Posted: Friday May 5, 2006 1:59PM; Updated: Friday May 5, 2006 2:50PM
Jim Thome spent the first 12 years of his major league career in Cleveland.
It was the hour of twilight on a soft spring day toward the end of April in the year of Our Lord 1929....
Such begins Thomas Wolfe's You Can't Go Home Again -- a viewpoint that was bolstered by a couple of scenes that took place in the hour of twilight on soft spring days toward the end of April in the year of Our Lord 2006.
Last Tuesday (strictly speaking, it was May 1, but that's still near the end of April), Johnny Damon -- dubbed by the New York Daily News as "the Prodigal Idiot" -- returned to Fenway Park, where he didn't let the fact that he was being lustily booed keep him from doffing his batting helmet.
Damon's reception, which also included a fair number of crumpled-up greenbacks being thrown his way, couldn't have been unexpected. (By the way, some of those bills looked like real 100s. Not sure I understand the logic of that. Sure, if Damon were to pick one up and pocket it -- an appealing thought, no doubt -- he'd look like a money-grubber, and you could have a good time screaming at him about the fact that he's so desperate for cash that he's willing to take a Benjamin off a hardworking fan. But the fact remains, you just gave $100 to a guy who makes $13 million a year. As always, I digress....)
Damon, after all, left the Red Sox for the Yankees, which is like giving up a job as a stock boy at Gimbel's for a job at Macy's -- only you'd be the only stock boy in either store pulling in $13 mil. Leader of the Idiot brigade or not, Damon had to know what was coming.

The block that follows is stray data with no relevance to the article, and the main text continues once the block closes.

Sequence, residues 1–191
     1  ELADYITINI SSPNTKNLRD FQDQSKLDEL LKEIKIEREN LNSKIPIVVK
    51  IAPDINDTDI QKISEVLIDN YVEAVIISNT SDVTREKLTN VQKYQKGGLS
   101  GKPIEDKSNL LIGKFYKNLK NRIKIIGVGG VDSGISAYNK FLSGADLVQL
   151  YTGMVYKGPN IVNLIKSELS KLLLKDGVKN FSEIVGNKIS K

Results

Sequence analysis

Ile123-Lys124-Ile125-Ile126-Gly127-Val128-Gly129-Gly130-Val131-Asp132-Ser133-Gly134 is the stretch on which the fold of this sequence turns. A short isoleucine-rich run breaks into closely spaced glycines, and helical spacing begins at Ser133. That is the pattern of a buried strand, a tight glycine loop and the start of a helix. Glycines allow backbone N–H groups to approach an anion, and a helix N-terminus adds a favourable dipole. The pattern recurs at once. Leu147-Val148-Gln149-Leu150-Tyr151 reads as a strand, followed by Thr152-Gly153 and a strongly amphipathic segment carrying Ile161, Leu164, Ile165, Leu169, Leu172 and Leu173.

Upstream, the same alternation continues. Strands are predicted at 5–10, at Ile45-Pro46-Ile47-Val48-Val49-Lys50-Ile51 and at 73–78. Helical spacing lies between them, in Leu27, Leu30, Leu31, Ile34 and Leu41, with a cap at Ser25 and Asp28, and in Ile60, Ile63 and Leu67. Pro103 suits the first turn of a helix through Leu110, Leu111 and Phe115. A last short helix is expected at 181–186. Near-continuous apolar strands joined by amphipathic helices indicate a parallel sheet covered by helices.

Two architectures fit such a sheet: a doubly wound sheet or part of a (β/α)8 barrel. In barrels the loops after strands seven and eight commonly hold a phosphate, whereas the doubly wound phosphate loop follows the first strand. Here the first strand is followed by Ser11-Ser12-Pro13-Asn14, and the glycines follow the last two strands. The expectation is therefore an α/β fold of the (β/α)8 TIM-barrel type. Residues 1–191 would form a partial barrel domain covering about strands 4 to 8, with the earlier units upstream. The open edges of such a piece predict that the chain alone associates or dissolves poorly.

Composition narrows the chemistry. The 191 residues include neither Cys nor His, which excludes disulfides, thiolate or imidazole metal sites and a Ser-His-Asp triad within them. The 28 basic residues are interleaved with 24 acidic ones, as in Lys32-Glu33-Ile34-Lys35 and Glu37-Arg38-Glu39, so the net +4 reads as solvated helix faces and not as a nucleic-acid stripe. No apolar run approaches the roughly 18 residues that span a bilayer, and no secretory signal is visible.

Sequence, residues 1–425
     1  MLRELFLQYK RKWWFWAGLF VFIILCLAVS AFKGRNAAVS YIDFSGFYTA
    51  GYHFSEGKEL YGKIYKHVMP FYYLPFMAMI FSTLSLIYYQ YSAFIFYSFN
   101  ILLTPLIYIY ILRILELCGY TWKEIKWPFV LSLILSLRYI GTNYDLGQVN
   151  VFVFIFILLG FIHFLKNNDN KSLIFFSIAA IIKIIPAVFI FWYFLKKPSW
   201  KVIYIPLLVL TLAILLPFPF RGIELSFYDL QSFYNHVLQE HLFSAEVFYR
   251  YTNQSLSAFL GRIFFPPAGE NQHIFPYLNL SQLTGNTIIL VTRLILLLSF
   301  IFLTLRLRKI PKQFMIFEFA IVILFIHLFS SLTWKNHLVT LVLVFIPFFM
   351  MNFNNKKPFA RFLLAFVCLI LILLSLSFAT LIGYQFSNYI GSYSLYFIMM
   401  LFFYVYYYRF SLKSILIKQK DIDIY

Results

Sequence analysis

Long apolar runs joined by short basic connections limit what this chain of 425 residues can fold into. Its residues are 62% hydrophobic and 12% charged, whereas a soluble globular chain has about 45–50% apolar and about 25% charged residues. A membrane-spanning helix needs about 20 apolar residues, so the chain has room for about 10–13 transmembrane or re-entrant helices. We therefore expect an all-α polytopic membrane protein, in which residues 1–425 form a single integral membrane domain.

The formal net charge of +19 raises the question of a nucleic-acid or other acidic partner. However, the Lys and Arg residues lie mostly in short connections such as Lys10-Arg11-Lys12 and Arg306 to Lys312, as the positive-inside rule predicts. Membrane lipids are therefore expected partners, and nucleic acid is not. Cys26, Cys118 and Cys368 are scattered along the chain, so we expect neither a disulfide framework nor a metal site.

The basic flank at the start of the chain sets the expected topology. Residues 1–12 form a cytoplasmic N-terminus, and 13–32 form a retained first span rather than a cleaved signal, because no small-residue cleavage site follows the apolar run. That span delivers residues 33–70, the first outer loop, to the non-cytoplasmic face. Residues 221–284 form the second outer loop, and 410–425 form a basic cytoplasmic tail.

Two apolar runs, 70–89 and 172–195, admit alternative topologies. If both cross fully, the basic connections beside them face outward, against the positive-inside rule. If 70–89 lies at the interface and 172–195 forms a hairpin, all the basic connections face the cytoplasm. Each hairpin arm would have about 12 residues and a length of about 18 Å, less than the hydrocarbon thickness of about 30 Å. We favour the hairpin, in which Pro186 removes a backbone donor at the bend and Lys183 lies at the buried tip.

More of a surprise was the reception Jim Thome got in Cleveland. Thome came up through the Indians' system and helped build a team that had been awful for 50 years into a consistent winner. On a team of malcontents (Albert Belle, Kenny Lofton, Eddie Murray, et al.) he was easy to root for -- a likable, Midwestern guy who went about his business and stayed out of trouble. And he hit more homers than anyone in the team's history.
After the 2002 season, he took an $85 million, six-year deal from the Phillies, which was $25 million more than the Tribe was offering. He made his return to the Jake as a member of the White Sox on Monday night and got ripped, which, as an Indians fan, I found disappointing.